If You Prefer to Be Alone, You Could Be a Genius

Love canceled plans and prefer to stay in? You're probably pretty smart.

If you often opt to spend your evenings snuggled in bed with a boozy beverage and Netflix, it’s probably a sign you’re an introvert. But while flying solo can reveal a lot about your personality, it might say something about your smarts, too. Yes, it’s true: New research says that introverts could have a higher IQ. Think you’re a genius? Take this Mensa quiz to find out.

Generally speaking, the more often people socialize with friends, the happier they feel. But intelligent people tend to prefer their “me time,” according to a new study by researchers at Singapore Management University and the London School of Economics. Sound familiar? You’ll probably agree with these hidden strengths of introverts, too.

To reach these results, the team of psychologists conducted two studies using data from a massive national review of over 15,000 people between the ages of 18 and 28. The first study examined the link between subjects’ scores on an intelligence test, the population density in the area where subjects lived, and how satisfied subjects reported feeling with their lives. Meanwhile, the second evaluated how subjects’ IQ scores compared to their life satisfaction and how often they socialized with friends.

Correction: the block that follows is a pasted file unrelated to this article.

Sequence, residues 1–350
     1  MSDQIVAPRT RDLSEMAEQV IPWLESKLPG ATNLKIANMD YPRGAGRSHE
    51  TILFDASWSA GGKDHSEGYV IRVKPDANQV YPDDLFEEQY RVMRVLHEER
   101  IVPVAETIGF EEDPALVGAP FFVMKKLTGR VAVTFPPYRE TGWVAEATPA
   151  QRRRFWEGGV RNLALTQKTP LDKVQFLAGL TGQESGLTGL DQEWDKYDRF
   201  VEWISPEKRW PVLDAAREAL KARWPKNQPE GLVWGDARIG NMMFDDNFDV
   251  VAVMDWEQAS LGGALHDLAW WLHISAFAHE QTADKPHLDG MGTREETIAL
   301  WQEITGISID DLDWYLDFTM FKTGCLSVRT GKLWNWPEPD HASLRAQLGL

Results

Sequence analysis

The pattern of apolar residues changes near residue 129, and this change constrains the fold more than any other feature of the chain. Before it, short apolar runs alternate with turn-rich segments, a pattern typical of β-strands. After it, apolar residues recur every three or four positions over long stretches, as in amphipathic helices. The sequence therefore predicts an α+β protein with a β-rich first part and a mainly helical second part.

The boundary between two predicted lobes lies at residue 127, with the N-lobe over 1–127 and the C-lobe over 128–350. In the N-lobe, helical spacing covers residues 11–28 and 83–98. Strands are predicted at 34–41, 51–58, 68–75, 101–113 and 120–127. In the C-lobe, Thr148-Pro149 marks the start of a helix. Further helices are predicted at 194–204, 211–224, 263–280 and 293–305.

Overall, participants who lived in less populated areas reported feeling happier, whereas those with high IQ scores who lived in the same areas felt less satisfied. Most people were also happier the more often they socialized, the results found. But on the flip side, intelligent people reported feeling less satisfied with their lives the more time they spent with friends. These weird habits prove you’re smarter than most, too.

While these two conclusions seem to contradict each other, the psychologists believe they can be explained by “the savanna theory of happiness.” Here’s the basic rundown: Back when our ancestors were hunter-gatherers, spending time with friends was essential to survive; now, as a result, most of us feel unhappy when we are isolated. But because people with high IQs don’t follow that norm, some scientists believe that intelligent brains are simply more adaptable to what would otherwise be unusual environments, such as being alone or living in crowded communities.

All the more reason to cancel your plans this weekend. We won’t tell! Next, try these genius habits that your 80-year-old brain will thank you for.

[Source: Business Insider]

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Brooke Nelson
Brooke Nelson is a researcher at PBS FRONTLINE in Boston, Massachusetts, and writes regularly about travel, health, and culture news for Reader’s Digest. Previously she was a staff writer at Reader's Digest. Her articles have also appeared on MSN, Business Insider, and Yahoo Finance, among other sites. She earned a BA in international relations from Hendrix College. Follow her on Twitter @BrookeTNelson.